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Meeting in the Quad: Four stories unfold simultaneously in Mike Figgis' tricky 'Time Code.'

Figgis' Four-by-Four

Experimental split-screen 'Time Code' takes place four times at once

By Richard von Busack

MIKE FIGGIS' experimental film Timecode boasts a novel gimmick: it was shot with four cameras, whose images are projected simultaneously on the screen. This may be the first all-split-screen release since MGM's 1973 slasher film Wicked, Wicked ("in Duo-vision"). Time Code also vaunts its digital-camera technology--which is commonplace, though no director has used it with such a sturdy sense of composition.

Once again, Figgis (best known for Leaving Las Vegas) is examining the forces of synchronicity and coincidence, the subject of his misbegotten last film, The Loss of Sexual Innocence. The film is set in real time, taking place for the most part in one Sunset Strip building and on the sidewalk in front of it. Pared down, the narrative is a love quadrangle interrupted by a series of strong earthquakes.

The main focus is a blow-up between two lovers: a seething, jealous, wealthy older woman, Lauren (Jeanne Tripplehorn), and her younger, and apparently kept, girlfriend Rose (Salma Hayek). Lauren flattens Rose's tire to make sure that she can drive the girl to her audition, for some sort of New Jack soft-core garbage film titled Bitch From Louisiana, which is in development by Red Mullet, a small and desperate film production company.

One of Red Mullet's producers, Alex (Stellan Skarsgard), is in crisis, having just been left by Emma (Saffron Burrows), the woman he loves. Alex is also in mid-affair with the demanding Rose. Emma's wanderings, Lauren's rage, and Alex and Rose's desperation come to a deadly climax.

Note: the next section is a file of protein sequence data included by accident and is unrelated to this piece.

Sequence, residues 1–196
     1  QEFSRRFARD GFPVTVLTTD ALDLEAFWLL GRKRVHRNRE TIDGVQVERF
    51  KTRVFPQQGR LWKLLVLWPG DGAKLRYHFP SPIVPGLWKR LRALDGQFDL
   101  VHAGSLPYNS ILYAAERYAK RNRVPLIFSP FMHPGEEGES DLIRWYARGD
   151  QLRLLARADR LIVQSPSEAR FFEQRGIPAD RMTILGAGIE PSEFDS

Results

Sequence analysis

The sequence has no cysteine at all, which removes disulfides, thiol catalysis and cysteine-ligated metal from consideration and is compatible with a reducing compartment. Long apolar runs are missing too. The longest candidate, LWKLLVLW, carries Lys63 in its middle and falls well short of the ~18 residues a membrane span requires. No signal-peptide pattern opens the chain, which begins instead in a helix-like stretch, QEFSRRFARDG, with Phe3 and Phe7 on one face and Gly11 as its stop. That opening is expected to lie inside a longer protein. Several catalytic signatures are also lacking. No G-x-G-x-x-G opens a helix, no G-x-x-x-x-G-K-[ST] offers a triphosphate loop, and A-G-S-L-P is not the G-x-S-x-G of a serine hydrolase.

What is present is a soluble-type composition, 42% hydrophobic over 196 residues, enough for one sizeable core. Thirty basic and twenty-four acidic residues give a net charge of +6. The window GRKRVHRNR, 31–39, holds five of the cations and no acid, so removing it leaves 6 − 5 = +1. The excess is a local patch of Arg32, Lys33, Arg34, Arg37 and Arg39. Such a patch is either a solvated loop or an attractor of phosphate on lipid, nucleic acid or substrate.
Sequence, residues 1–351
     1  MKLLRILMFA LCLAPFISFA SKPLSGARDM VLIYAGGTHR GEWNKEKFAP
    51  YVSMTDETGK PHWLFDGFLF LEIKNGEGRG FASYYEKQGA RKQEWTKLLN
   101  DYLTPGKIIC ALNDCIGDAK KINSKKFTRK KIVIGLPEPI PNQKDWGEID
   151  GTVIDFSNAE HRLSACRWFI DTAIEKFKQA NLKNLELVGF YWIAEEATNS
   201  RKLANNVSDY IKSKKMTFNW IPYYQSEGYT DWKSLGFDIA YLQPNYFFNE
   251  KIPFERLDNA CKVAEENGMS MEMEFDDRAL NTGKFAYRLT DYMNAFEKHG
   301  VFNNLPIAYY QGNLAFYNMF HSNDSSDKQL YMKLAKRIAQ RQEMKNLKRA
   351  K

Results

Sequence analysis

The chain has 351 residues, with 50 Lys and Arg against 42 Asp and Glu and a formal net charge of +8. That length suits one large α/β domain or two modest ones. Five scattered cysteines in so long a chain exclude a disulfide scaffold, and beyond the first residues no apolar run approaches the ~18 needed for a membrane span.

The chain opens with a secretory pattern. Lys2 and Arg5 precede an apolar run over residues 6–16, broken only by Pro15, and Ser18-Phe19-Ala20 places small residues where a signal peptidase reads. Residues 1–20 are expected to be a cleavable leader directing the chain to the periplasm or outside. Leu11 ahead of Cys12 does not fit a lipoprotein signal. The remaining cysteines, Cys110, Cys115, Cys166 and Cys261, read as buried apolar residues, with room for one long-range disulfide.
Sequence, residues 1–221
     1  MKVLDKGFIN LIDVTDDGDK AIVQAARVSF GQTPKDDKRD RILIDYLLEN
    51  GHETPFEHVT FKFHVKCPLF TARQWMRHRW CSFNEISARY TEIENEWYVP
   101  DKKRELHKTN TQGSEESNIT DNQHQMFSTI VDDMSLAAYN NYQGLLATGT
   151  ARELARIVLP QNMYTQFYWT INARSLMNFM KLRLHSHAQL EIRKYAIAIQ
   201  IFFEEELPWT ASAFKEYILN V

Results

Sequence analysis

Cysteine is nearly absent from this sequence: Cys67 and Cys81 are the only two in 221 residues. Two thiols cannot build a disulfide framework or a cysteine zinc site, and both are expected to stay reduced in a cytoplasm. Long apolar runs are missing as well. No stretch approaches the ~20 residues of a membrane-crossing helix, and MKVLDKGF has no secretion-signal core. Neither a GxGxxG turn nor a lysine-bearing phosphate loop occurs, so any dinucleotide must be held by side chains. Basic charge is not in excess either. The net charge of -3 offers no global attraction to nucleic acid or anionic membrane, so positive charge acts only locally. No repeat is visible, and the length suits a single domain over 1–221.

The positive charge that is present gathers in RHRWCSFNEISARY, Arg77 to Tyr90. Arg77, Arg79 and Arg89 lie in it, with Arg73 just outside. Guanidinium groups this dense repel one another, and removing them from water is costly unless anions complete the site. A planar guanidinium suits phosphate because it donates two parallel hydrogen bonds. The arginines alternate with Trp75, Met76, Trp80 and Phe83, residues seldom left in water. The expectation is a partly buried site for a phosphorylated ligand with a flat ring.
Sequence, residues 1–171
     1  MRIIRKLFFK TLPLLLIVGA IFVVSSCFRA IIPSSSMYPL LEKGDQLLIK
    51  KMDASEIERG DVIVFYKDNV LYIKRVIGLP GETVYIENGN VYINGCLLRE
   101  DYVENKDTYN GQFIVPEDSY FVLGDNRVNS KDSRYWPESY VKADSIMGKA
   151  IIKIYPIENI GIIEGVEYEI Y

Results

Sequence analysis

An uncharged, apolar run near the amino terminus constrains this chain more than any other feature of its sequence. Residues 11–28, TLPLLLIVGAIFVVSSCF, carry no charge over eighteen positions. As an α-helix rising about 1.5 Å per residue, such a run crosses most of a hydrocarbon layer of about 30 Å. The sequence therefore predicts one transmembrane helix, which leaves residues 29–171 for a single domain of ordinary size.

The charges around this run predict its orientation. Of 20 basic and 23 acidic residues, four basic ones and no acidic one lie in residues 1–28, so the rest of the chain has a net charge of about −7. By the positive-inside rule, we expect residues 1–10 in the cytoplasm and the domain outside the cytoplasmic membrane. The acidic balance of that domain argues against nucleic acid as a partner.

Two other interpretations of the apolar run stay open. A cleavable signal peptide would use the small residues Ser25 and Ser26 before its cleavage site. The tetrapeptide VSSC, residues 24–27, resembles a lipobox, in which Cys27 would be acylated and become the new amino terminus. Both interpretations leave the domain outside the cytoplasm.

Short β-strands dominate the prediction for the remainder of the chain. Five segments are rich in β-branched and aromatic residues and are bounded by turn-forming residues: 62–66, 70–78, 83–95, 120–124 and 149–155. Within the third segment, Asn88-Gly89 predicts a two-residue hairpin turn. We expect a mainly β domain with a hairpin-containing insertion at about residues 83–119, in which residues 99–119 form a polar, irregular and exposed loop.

Time Code is semi-improvised and looks it. Some of the lines have the forced whimsy of porn-film dialogue, and actors like Julian Sands and Holly Hunter are used essentially as celebrity cameos. Figgis claims that his quartered-screen technique transcends montage, but the steady flow of sequential images is so essential to the language of cinema that his assertion is like claiming, "I'm going to write without syllables."

Quadro-vision, or whatever you'd like to call it, lies somewhere between silent and sound film. Thus it depends on the emoting quality of second-rate performers like Tripplehorn and Burrows. Tripplehorn is more forceful than usual. She could be building to some raging performance a picture or two down the line--remember how loudly and intensely she acted in her angry scenes in the dumb farce Mickey Blue Eyes? Here, Figgis leaves her stewing too long. Not cutting away for an hour and a half proves one of the virtues of montage: to give the audience a break from an actor's face.

Behind the avant-garde technique, Time Code is a Hollywood satire too specific to lure a viewer past the intimidating gimmick. Too often, the film has the same problem that plagues TV viewers in a fringe reception area: four channels and nothing's on.

Time Code (R; 97 min.), directed and written by Mike Figgis and starring Jeanne Tripplehorn, Salma Hayek and Saffron Burrows, opens Friday at Camera One in San Jose.

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From the May 11-17, 2000 issue of Metro, Silicon Valley's Weekly Newspaper.

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